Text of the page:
But Suicide comes back from the door, glaring. He disappears into the kitchen and emerges with something flashing in his hand. 

Self-Loathing stands. “There’s no need for that,” he says.

Self-Loathing is stronger, but Suicide is rasher. He is willing to risk it all. It’s in moments like these, when he chases Self-Loathing to the door with a knife, that I love Suicide more than anything.


Once we are alone, Suicide comes back with the knife. It winks at me in the light. 

“Just do it yourself!” I cry. “Please!”

“That’s not how it works.” 

He hands me the knife.

“It could all be over,” he says. “Right now.”

“No,” I say.

“No more fighting with me. With yourself.”

“You’re just an abstraction!” I shout. “A fake abstraction!”

“Sure, Xanax would have been cleaner. A gun would be more masculine. And if it doesn’t work, cutting does not demonstrate serious commitment.”

“You don’t exist! You’re not even here!” 

“But that’s because most people slash horizontally. The trick is—”


I push Suicide. He slams against the bathroom door, which opens inward to admit us.

Once we are on the ground, I am almost tender with him. I unbutton the cuff of his immaculate shirtsleeve and roll it up. He doesn’t resist. I push the tip of the knife gently into his soft forearm, murmuring like a lover as I apply steadily more pressure until something is breached—the flesh opens, embracing the blade, which I draw toward me, unzippering his skin, watching his eager blood rise and fall in dramatic streaks.

Torqueing his neck awkwardly, Suicide admires my work. Then he smiles at me with such warmth and gratitude that for a moment I forget to breathe.

“Thank you,” he says.


And then it’s just me. The blood on the bathroom tile sucks at my skin. I try to stand, but when I see the dark ribbons flowing down my arm, I slip. The knife drops to the tile with a bright clatter.

The first thing I feel is relief. The urgency of my sickness, which was before a dim photo negative in the back of a dusty, buried filing cabinet, can now be corroborated in vibrant color. Can no longer be denied. 

But then I feel it, a deep animal resistance to death. The panic enters me beat by beat, a marriage of blood and fear, squeezing the air from my lungs. The air pulses with black spots. I can’t really move my wounded arm, so with the other I reach across to the opposite pocket for my phone.

My red thumbprints shine purple in the phone’s blue light. The blood confuses the touch screen, so I have to wipe it a few times on my shirt. Finally I manage to dial 911.


Sudden darkness clamps down on my eyes, extinguishing the sick fluorescence of the ambulance. Then for a while it’s like looking out the window of the subway, into hurtling shadow.

Another light flashes on in an adjacent tunnel. Through iron bars, I see distant passengers on another platform who stand with their arms crossed, waiting for a train going the opposite direction. But which direction I’m going, I do not know.


But when I’m revived, bandaged, and plugged with a needle that drips cold life into my scraped-out veins, I know. I’m not in a hotel. I don’t smell waffles. I smell feces and disinfectant. I’m in a hospital.

I am alive.

But a hospital is so like a hotel, a washed-out space on the margins of time, that for a while it seems there is no difference between life and death. I drift in and out, enwombed in a blank numbness. Gray hours slosh through my brain like murky rainwater through a culvert.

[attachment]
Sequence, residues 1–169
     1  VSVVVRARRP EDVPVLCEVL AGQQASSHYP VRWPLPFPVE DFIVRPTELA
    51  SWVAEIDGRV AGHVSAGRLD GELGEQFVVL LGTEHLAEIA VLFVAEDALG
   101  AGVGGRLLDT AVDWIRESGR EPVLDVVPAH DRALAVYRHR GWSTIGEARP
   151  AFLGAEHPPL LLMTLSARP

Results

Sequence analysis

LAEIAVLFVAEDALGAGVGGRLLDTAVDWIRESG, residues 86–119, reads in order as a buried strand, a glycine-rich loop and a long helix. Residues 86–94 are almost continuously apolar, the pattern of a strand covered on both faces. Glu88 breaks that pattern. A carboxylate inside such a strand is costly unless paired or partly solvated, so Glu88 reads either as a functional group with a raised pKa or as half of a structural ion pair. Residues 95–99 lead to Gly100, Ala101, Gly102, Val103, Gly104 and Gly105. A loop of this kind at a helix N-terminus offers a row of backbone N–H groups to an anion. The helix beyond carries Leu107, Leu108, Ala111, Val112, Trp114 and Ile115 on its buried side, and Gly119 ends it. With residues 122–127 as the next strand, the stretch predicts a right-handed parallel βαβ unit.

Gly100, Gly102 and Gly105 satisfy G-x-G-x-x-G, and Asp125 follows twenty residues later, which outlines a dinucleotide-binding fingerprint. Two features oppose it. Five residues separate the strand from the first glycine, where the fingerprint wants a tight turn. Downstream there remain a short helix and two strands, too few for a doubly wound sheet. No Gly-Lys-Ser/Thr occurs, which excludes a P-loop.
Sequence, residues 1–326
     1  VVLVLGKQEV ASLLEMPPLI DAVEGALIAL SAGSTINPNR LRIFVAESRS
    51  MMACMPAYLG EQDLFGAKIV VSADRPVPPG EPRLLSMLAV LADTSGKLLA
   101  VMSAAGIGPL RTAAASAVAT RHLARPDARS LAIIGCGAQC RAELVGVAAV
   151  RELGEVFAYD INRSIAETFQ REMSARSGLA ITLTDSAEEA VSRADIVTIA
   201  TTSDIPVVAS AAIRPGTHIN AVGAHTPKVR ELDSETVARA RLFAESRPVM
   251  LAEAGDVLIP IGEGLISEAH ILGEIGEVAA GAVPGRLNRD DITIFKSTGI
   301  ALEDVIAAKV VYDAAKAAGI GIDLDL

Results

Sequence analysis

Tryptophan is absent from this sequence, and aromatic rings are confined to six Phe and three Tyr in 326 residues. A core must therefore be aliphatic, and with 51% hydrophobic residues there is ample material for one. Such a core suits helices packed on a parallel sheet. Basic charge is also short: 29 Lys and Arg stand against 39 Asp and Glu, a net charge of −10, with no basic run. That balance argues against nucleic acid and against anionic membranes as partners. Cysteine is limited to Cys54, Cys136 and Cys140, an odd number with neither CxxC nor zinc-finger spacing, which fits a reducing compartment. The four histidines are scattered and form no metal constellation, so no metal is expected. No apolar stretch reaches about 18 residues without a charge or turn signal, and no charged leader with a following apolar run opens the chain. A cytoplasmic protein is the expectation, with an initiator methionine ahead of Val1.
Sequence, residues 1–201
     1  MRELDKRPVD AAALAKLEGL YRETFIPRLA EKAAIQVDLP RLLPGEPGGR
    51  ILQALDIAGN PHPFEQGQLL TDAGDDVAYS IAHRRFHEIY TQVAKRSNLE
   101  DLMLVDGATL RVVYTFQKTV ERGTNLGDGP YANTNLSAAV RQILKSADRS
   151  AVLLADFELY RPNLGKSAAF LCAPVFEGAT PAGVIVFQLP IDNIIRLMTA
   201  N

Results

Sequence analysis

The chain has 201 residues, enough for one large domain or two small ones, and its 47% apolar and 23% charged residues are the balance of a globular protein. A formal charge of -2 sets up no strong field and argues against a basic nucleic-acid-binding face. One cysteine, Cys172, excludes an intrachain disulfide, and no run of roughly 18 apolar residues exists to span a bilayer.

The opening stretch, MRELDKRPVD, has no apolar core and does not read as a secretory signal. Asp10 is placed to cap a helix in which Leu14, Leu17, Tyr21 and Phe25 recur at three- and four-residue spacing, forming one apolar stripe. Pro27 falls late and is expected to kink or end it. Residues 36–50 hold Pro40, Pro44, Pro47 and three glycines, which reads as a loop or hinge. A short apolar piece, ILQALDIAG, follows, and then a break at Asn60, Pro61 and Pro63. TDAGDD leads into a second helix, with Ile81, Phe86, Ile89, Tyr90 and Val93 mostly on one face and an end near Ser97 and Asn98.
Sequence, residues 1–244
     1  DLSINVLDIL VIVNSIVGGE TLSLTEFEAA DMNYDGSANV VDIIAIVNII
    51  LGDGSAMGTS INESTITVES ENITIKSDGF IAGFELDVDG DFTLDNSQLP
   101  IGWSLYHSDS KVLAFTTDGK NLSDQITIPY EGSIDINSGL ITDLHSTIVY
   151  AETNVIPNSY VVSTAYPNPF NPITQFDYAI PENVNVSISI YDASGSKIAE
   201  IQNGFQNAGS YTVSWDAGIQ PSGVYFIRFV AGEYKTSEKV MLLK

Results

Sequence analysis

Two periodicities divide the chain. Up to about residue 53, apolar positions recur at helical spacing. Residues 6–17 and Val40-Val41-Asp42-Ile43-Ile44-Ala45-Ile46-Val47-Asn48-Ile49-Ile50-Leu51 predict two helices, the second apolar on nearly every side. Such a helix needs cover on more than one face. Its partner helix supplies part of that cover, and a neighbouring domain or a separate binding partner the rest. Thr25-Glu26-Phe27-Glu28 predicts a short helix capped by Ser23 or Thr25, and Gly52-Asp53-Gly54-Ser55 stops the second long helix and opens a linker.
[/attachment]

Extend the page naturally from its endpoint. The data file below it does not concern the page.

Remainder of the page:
Then comes the important part, the part where I am supposed to change. I drive myself to an institution and check in. There are counselors and group therapy and pamphlets and yoga and pills. There are conspiracy theoreticians and journaling sessions. There is withdrawing in front of a tiny television screen that plays Groundhog Day on VHS. 

Then one day I am discharged. I’m given my things in a jangling manila envelope. I drop my keys—my left arm has some nerve damage—but I just pick them back up.

I know what’s going to happen so I walk through the parking lot from row to row, taking my time. I’m not especially desperate for tomorrow. I’m not especially desperate for anything. Something in me has been pleasantly blunted. 

Finally I get to my car. When I open the door, Suicide is sitting in the passenger seat. 

“Good to see you again,” he says.

He, too, has lost his edge. But when he grins, though his beauty is less copper and more verdigris, I’m still moved by it. And though I knew he would be there, I still drop my keys again. I still shut my eyes, feeling the anger mount, and picture myself wrapping the car around a telephone pole somewhere in the middle of the night, sending him through the window and into the jaws of the moon. 

“Thought you’d gotten rid of me?” he says.

At that, the anger wilts, and I picture myself leaving a glass of water on his bedside table. And this is what gives me the strength to bend over and swipe my keys from the concrete, then swing myself into the car and put the key into the ignition. This is what gives me the strength to keep silent, watching the sun gild the dust on the windshield as Suicide sits beside me in a haze of growing agitation, itching below the band of his watch. Because he needs me more than I need him.

“Well, you haven’t,” he finally says, his voice frilled with panic. “I’m still here.”

“I know.” I turn the key and the engine snarls through my bones. “So am I.”

Daniel Pope is a writer and musician from Seattle. He has an MFA in creative writing from Rutgers-Newark, and his work has been published in Narrative Magazine, the Bellevue Literary Review, and Gulf Coast Journal. He is working on his first novel.

Categorized as Issue Ten